A Writer’s Journey
Writing is an interesting and unpredictable journey. When I started, I had no idea I’d be writing young and middle grade books. My only thought was, “I’d like to write something I would read.”
Mostly I enjoy writing realistic, contemporary young adult novels. However, a steady diet of tough issues teens face today leaves my writer’s well a little dry at times, so I like mixing it up when it comes to what I write.
Non-fiction articles are perfect for balance, and I’ve tackled everything from Vermiculture for kids to an article about a Tuatara. If you’re curious about either topic, click on its title below.
A couple of years ago, I took a leap into a middle grade fantasy adventure, Alligators Overhead. I loved writing the story about Pete Riley, the town rascal, and his sidekick, Weasel, while they saved an endangered wetlands. I loved it so much, I’ve just finished a sequel. This one’s The Great Time Lock Disaster. Once again the rascal and his bookish friend get into all kinds of trouble that I hope will delight young readers.
However, there is one story I want to write, but can’t seem to.
Why? I can write stories for beginning readers and teens; I’ve written and published fiction and non-fiction, so what’s stopping me from writing one story I really want to see come to the page?
You see the story is really my dad’s. It’s about his life as a boy who grew up in hardship. It tells about his struggle to leave behind a terrible boyhood and make a good life for himself. It tells about his years at the university on a scholarship, his marriage, his war years.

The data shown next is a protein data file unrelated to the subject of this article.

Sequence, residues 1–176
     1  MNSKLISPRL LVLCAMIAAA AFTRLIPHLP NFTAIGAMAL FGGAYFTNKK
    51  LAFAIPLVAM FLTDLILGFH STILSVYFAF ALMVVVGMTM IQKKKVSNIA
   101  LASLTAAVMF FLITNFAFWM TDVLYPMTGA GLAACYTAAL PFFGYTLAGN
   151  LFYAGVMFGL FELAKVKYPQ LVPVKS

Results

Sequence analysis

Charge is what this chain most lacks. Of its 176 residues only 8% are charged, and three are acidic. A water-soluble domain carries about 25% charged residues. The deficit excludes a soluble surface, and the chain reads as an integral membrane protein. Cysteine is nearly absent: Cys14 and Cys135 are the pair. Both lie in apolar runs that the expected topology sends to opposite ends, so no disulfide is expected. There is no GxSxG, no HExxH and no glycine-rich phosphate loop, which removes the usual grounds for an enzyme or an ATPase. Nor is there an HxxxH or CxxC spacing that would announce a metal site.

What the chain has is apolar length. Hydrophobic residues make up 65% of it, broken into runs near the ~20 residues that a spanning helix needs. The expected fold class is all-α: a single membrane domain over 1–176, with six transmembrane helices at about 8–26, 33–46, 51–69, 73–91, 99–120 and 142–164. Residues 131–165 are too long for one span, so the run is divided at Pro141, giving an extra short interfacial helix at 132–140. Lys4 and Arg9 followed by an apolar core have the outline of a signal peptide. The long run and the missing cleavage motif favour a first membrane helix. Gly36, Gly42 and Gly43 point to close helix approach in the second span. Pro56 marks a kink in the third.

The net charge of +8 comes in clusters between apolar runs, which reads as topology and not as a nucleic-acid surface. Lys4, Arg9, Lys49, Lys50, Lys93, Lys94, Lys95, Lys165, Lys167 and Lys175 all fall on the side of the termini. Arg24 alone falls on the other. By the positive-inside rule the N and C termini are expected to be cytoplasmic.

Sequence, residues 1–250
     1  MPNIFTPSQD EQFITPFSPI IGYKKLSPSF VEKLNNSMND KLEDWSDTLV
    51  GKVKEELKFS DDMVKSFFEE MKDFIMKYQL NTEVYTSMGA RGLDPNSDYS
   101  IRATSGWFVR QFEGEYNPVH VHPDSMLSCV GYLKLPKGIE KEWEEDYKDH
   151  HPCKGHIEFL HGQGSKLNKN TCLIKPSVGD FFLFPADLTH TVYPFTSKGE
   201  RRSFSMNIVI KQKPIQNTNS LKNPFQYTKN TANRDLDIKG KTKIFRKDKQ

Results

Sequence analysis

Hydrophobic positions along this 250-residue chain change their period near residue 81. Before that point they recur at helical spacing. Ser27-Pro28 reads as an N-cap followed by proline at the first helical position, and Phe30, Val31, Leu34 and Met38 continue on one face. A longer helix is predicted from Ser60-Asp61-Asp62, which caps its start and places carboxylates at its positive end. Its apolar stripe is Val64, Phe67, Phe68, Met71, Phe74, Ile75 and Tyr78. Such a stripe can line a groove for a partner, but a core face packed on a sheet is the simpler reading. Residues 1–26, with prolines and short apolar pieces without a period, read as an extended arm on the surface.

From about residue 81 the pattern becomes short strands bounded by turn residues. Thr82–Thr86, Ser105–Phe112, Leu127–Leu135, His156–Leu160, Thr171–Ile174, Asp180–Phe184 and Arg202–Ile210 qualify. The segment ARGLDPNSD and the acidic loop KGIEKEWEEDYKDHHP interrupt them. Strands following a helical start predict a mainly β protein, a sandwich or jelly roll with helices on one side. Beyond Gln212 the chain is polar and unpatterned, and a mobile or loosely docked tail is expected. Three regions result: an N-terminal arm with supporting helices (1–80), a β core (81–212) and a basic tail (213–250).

Maybe the reason I can’t finish it is he should have written it; then it would be right.
When he was alive, I worried what he’d say if he read how I set down the events he’d told me. What if I didn’t have them the way he wanted?
Since he’s gone, I hesitate because I think, well, he’s not here to correct me. I’m writing his life through my filter, and it could be all wrong.
I’ve obviously gone around on this issue. Finally, I’ve decided I’ll write it as a biography. I have no plans for publishing it, but I’d like it to be his “dash" fleshed out with the stories he told me during the years we shared.
Now I’ll have to learn a bit about writing biographies because, while I enjoy reading them, I know nothing about how to make them interesting enough to read.
Everyday I wonder where my writing journey will take me. Everyday I’m excited to wake up and see what will happen next.
Thanks for letting me stop by, Kirby. It’s such a pleasure to connect with you after so many years.
Lee is a native Californian who grew up in a lot of different places, then landed in the Santa Cruz Mountains where she lives with her family and miscellaneous pets. She writes most of the time, gardens, hikes and does yoga a lot. She also travels whenever she can.
In her writing, she takes on modern issues that today's teens face in their daily lives. Her first young adult novel, Sliding on the Edge, which dealt with cutting and suicide, was published in 2009. Her second, titled The Princess of Las Pulgas, dealing with a family who loses everything and must rebuild their lives, came out in 2010. Double Negative (2014) is her third young adult novel, and her fourth, Sudden Secrets, will be out soon.
In 2012, her first middle grade novel, Alligators Overhead, was published and she's just finished the sequel which she's calling The Great Time Lock Disaster.